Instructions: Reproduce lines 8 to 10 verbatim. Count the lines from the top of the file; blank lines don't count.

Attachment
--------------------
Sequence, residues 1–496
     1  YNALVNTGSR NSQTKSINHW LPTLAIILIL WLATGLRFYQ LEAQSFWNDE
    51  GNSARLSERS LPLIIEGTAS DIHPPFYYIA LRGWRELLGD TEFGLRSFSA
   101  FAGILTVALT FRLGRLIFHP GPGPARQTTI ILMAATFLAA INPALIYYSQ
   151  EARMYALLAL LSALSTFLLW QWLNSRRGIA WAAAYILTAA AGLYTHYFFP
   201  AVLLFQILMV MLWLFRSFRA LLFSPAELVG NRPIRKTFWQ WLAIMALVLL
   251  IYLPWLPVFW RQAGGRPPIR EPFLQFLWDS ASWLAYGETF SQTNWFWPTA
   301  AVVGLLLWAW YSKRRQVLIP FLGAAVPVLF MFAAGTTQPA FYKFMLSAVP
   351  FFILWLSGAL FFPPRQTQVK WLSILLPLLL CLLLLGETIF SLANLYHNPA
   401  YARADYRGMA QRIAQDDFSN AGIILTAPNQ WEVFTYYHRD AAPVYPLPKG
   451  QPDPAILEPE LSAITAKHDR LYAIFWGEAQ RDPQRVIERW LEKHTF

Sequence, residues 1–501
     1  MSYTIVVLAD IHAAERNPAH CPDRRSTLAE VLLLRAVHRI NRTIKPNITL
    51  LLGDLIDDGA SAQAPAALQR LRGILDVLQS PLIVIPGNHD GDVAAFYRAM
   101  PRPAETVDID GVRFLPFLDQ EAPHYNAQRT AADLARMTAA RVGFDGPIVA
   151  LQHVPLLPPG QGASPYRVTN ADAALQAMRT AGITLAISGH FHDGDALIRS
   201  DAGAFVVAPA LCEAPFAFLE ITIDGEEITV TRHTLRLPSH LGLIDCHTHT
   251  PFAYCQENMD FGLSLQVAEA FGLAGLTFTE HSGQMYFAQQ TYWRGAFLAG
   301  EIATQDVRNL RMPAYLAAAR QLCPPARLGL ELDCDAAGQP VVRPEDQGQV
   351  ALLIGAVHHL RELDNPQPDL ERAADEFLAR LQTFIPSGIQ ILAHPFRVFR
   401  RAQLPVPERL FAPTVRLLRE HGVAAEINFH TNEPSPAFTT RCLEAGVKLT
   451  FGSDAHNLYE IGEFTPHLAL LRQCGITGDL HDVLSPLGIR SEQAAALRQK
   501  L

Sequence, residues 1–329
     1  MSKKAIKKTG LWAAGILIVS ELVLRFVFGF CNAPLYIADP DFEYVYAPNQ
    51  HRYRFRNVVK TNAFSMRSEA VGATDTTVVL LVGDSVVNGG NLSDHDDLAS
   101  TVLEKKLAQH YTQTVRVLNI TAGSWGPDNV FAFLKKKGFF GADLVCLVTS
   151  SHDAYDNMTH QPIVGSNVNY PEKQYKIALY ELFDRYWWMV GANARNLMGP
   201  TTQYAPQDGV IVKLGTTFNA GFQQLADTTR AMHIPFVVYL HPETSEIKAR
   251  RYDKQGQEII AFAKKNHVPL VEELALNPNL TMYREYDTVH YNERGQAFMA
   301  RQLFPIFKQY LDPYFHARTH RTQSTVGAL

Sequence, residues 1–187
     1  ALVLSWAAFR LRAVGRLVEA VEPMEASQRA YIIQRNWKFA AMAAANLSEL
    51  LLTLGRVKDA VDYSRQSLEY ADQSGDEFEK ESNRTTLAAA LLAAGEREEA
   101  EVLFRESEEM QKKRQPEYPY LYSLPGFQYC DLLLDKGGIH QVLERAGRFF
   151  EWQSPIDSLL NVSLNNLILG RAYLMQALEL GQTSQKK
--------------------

   301  AVVGLLLWAW YSKRRQVLIP FLGAAVPVLF MFAAGTTQPA FYKFMLSAVP
   351  FFILWLSGAL FFPPRQTQVK WLSILLPLLL CLLLLGETIF SLANLYHNPA
   401  YARADYRGMA QRIAQDDFSN AGIILTAPNQ WEVFTYYHRD AAPVYPLPKG